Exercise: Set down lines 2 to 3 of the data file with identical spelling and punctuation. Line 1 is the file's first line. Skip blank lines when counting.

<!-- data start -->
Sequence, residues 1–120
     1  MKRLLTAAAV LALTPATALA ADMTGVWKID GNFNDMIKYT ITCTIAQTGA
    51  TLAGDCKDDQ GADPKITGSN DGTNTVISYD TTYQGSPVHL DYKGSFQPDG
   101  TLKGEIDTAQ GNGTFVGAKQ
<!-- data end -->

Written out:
     1  MKRLLTAAAV LALTPATALA ADMTGVWKID GNFNDMIKYT ITCTIAQTGA
    51  TLAGDCKDDQ GADPKITGSN DGTNTVISYD TTYQGSPVHL DYKGSFQPDG